Despite the difficulty in leaving Fort Knox, she knew it was the time to go back to the Mount. It was a big adjustment for her because she had changed so much. But she knew that life changes all the time and it was the right time for her to move on.
Sister and I have always stayed in touch. We have seen each other countless times over the years since she went to the Mount. I have met her for lunch in Radcliff, Elizabethtown and Owensboro. I have been to the Mount for the “grand tour” *(as Sister calls it), several times, taking different family members and friends with me. She has loved our daughter from the time she was a child and attended Vacation Bible School at Fort Knox. My husband, daughter and grandchildren have all visited her at the Mount and in Owensboro. And that “grand tour” never ceases to fill me with wonder. Maple Mount is a majestic place with glistening halls and rich in history and tradition. The grounds in the spring and summer are overflowing with flowers and greenery. The vibrant colors and beauty reminds me of the Land of Oz in the Wizard of Oz. Each beautiful stained glass window tells a story of the Catholic faith. I learn a little more every time I go. There is a museum and a quilting room, and a dining room which can accommodate visitors. There is also a conference center with rooms for guests. The first time I took my mother there, she was so impressed she told Sister George Mary she wanted to live there. We all laughed and told her we thought it was a little too late for her to become an Ursuline Sister!
Sister has also been there for me during personal trials and tribulations. She is the first person I call to ask for prayers for my family and friends. She sustained me through the deaths of my mother, my sister, my father, my sister-in-law, and one of my very best friends in the world, MSG (Retired) Lori Perry, who I also met in 1988 at Fort Knox when she worked with Sister and me. Those deaths took place within a period of two years so it was a little daunting for me. I firmly believe her prayers helped me to cope.
Life changed again for Sister George Mary and her fellow Ursuline Sisters in 2020 when the COVID-19 pandemic hit the United States. This adjustment has probably been the hardest one yet. She and the other sisters have basically been in lockdown since March 2020. Before that, Sister enjoyed lunches with friends (such as me), water aerobics in Owensboro, numerous outings and visits with her family and friends, and visits from friends and tour groups at the Mount. This is the first time since 1988 that I have not seen Sister George Mary Hagan for a year. Most of the time I see her several times a year. Some of the workers and sisters at the Mount came down with COVID but so far Sister George Mary has escaped the illness. Every time I talk to her, she says she feels like she is in “jail” but is thankful that she has not been sick and still tries to see her life as the glass half full.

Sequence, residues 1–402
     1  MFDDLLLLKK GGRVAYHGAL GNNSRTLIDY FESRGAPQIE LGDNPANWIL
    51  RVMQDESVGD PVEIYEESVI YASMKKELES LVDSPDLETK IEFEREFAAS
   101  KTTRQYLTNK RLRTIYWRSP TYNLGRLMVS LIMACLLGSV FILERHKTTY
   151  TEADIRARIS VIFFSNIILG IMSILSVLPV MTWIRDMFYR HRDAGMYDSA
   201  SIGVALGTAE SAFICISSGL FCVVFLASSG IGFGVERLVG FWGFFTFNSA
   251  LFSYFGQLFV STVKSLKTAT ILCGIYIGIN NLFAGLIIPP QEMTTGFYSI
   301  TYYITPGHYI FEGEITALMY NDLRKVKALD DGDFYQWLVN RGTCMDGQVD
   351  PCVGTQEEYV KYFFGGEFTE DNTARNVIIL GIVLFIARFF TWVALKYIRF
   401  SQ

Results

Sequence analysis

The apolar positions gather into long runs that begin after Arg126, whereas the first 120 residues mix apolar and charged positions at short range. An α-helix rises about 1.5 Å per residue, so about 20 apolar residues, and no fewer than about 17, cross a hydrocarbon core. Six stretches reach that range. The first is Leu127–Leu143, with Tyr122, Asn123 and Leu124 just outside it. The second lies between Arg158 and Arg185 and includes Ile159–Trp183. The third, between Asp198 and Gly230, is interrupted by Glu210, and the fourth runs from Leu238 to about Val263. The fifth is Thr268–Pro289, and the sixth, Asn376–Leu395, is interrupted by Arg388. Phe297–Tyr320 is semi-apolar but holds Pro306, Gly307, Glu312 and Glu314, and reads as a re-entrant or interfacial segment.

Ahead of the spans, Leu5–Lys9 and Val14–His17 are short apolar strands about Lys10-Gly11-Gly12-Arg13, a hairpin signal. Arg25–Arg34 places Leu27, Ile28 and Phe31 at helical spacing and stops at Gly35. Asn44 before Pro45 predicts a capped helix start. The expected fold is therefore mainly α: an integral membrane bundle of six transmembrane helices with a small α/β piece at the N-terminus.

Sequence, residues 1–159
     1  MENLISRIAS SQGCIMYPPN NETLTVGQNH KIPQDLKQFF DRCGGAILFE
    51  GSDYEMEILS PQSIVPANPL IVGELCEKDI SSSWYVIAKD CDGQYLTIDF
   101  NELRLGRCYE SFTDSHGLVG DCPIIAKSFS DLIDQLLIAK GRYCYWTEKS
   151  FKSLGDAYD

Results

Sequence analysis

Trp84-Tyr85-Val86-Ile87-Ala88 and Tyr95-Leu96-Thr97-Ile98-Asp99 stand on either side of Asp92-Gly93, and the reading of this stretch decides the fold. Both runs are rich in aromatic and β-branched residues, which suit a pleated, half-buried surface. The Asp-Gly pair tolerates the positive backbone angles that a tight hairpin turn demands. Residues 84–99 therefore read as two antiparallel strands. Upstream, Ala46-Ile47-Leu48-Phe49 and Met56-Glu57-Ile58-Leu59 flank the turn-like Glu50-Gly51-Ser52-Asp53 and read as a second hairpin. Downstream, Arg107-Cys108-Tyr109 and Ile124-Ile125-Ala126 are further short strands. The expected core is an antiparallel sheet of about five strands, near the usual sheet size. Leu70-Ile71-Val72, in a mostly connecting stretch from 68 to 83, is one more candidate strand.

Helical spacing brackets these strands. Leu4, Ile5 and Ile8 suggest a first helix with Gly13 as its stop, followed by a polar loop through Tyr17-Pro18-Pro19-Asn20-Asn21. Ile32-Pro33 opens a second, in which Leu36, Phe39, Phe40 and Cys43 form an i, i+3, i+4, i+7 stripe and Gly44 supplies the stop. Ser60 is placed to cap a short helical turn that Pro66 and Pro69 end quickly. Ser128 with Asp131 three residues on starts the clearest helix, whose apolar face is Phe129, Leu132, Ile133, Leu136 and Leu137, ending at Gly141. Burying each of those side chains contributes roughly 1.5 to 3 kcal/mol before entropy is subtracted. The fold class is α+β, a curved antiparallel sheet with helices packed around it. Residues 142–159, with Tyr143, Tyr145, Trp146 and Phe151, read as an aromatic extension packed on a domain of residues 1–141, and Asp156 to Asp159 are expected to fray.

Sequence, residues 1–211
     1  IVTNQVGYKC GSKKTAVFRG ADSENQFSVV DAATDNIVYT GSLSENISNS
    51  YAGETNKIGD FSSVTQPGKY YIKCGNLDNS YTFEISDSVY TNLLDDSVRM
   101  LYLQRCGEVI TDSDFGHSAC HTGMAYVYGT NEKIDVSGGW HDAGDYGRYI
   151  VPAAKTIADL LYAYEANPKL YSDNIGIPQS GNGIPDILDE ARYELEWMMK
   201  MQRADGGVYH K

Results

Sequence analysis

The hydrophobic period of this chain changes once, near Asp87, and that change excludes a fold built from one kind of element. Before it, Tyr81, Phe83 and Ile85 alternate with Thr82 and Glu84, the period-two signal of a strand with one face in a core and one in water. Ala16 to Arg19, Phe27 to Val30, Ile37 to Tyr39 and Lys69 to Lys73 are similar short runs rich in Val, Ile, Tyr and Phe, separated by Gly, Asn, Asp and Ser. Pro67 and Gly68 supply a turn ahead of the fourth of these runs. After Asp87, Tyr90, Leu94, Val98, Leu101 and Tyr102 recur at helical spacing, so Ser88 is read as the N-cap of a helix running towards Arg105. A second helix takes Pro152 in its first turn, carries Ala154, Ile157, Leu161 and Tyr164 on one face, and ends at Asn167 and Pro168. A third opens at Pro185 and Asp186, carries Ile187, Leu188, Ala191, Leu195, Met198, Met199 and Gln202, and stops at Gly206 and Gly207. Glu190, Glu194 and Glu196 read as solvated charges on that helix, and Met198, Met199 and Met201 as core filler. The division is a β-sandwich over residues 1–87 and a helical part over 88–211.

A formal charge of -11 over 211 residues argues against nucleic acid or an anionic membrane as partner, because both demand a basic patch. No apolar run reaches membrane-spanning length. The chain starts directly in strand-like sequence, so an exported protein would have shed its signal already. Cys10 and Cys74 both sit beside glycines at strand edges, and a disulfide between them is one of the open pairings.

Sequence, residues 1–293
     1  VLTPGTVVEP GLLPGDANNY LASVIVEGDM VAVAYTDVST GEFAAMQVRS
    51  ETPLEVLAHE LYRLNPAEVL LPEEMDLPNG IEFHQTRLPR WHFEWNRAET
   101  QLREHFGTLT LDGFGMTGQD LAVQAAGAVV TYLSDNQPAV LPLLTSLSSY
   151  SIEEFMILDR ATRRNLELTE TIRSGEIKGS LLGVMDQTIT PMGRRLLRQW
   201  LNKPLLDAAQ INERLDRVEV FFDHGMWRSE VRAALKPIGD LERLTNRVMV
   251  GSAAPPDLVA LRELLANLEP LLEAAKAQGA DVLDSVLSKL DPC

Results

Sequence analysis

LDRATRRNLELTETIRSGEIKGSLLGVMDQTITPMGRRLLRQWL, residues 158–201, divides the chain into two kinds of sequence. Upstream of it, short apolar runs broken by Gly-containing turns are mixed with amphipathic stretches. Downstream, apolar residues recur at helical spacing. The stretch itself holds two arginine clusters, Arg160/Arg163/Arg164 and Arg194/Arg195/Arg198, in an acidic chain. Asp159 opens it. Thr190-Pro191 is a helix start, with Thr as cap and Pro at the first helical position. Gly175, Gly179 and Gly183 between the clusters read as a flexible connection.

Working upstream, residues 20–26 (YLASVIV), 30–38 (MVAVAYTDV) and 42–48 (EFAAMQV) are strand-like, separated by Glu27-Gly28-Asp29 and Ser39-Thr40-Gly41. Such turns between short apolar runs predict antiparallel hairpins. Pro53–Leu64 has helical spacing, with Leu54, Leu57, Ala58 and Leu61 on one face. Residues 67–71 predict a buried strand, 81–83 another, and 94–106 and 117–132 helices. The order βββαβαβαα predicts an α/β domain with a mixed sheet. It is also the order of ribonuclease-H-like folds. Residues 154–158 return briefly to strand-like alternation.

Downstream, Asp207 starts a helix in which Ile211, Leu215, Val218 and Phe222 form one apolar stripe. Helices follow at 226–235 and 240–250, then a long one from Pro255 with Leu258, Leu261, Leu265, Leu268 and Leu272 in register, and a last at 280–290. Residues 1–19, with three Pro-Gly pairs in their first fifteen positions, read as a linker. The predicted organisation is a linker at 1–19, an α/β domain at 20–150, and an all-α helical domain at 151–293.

The Ursuline Sisters of Mount Saint Joseph have a rich history that goes all the way back to the 16th Century when Saint Angela Merici started the Company of Saint Ursula in 1953 in Brescia, Italy. In 1858, Bishop Martin John Spalding invited the Ursuline Sisters from Straubing, Bavaria to establish a foundation in Louisville, Kentucky. At the request of Father Paul Joseph Volk, five Ursuline sisters traveled from Louisville in 1874 to establish a school in Western Daviess County on the site that is now Maple Mount, Kentucky. Maple Mount is the Motherhouse of these Ursuline sisters who proclaim Jesus to all people through the ministry of education and Christian formation. Ursuline Sisters minister in Kentucky, Illinois, Kansas, Louisiana, Missouri, New Mexico, Washington, D.C. and in Chile, South America. The first building at Mount Saint Joseph was the first Motherhouse for Roman Catholic sisters in Kentucky west of Louisville and the oldest girls’ Academy in Daviess County. By 1912, 78 girls had graduated from the Academy and 89 Ursuline Sisters had lived and worked there. In 1925, the Sisters continued their dedication to education and opened Mount Saint Joseph Junior College for Women. The location was transferred to Owensboro in 1950 where it became co-educational and changed the name to Brescia College, now Brescia University. By the time of its centennial in 1974, over 1,600 women had attended Mount Saint Joseph Academy but demands for services were changing. After 109 years of service, Mount Saint Joseph Academy closed in 1983. The original building still stands today and is now being used for the Mount Saint Joseph Conference and Retreat Center, a center for spiritual, cultural and educational enrichment.
When the pandemic is over and it is safe to do so, the Ursuline Sisters of Mount Saint Joseph at Mary Mount will once again open their doors to the public. If you would like to visit Mount Saint Joseph at Mary Mount and meet the Ursuline sisters, reserve a meeting room or gymnasium, or spend the night, you can call (270) 229-0206, or email firstname.lastname@example.org. Or you can always ask to speak to or leave a message for Sister George Mary Hagan. I know she will gladly make arrangements to give you the “grand tour”! A visit to the beautiful and peaceful Maple Mount is something we could probably all use. I know I certainly could.